2008 BAJA 1000 – Time To Start The Planning

October 18th, 2008

It’s that time of year again. time to start prepring for our trip to Ensenada. This year the course is a round trip so we will be able to see the start & the finish. I’ll update as I get more info.

Jawbone / Dove Springs

October 5th, 2008

It’s about 5:15 am and I get a text from Frankie. He’s “ready to go”. Well our scheduled departure wasn’t until 6:30 so ,needless to say, at this time I was so asleep you could have called it a coma. There is no way I would have heard my phone. Luckily I had left the phone on my wife’s side of the bed so she did hear the phone. At first I was in shock when my phone was going off an hour earlier than I expected and I thought to myself “what is he thinking” but then realized that the sooner we hit the road the sooner we can start the ride. I replied to Frankie’s text and told him I would get dressed and send him a text when I was ready to be picked up. After about 15 minutes I sent the message “be ready in 10 minutes.you can pick me up now.”. I figured 10 minutes was enough time to get beakfast made (My wife offered to make some chorizo & egg burritos for us to take).

Frankie showed up so we threw my things into the truck and we headed to Todd’s (about a 25 minute drive). Once Todd was ready we hit the road on our way to JAWBONE. It was a long drive for us. It took a little over 2 hours from Todd’s. The weather was nice but it was cold and we did get some strong wind near Mojave, CA. This is where we stopped for gas and a quick stretch. We didn’t stand around for too long because it was cold…very cold. From here it was another 20-30 minutes to the ranger station on Jawbone Canyon Rd. It was about 8:45am so we had to wait until 9am for the office to open (Todd wanted to buy a map). It’s funny how much attention the buggies get. About 5 minutes after we arrived another group showed up in the parking lot. Right away they came over to look and ask questions. They do look kind of cool up on the trailer.

We moved on to find our base camp and unloaded the buggies.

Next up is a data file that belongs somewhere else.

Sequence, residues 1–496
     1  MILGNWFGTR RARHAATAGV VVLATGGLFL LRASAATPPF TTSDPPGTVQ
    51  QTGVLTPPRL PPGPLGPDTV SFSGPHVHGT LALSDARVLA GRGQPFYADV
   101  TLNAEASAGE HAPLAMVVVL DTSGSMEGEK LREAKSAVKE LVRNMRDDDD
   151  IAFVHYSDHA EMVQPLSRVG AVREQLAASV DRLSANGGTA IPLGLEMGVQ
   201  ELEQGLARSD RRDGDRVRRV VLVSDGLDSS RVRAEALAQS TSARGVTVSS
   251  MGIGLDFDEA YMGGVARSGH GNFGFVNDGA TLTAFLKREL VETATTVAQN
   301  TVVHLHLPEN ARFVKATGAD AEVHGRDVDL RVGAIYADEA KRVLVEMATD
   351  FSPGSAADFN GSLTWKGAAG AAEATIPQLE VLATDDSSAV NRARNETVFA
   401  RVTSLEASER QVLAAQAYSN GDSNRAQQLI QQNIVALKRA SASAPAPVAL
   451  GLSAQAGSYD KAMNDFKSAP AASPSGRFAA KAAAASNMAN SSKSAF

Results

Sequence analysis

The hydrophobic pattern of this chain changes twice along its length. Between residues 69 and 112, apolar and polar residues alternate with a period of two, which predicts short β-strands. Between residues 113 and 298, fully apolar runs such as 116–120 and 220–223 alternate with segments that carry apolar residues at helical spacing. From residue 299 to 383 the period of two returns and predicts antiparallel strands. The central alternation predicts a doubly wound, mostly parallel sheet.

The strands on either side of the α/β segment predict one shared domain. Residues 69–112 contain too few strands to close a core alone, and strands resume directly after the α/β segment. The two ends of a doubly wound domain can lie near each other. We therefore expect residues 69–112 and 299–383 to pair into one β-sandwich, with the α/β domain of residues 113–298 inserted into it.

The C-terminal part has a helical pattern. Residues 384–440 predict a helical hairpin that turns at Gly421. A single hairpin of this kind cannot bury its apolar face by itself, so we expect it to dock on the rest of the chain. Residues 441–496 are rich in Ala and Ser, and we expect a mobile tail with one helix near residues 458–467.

It was time to ride. Our first trail was awsome…for a bike anyway. The trail was a little “too technical” for the big buggy but we did it anyway. It was fun and I tried to document as much as I could. i took tons of pictures and plenty of video. I also collected GPS data and saved it as a Google Earth file so you can see where we were.

jawbone-run-10052008 You’ll have to download GOOGLE EARTH to open the file.

The Adventure Begins

July 11th, 2008

Today is the big day, we hit the road on our driving adventure into Mexico. We loaded up most of our stuff into the truck the day before so we didn’t have to wake up too early so at about 9am we left the house to pick up Marcela. There are 2 vehicles in our caravan through Mexico (my F150 and a Dodge caravan). There are 5 of us traveling in my truck. My wife, my 2 kids, my sister-in-law Marcela, and myself.

Ciudad Guzmán, Jalisco

July 6th, 2008

As previously mentioned, the next travel destination for OFF ROAD FUN is Ciudad Guzmán, Jalisco, Mexico. Since I’m not an expert, you can go to the wikipedia page on Cuidad Guzman to learn more about the city itself. 

As a side note…after the trip I still won’t be an expert but I’ll definately have lots of photos, information, and experiences to share with you.

Driving Through Mexico Can Cost You…AKA “Toll Booths”

July 5th, 2008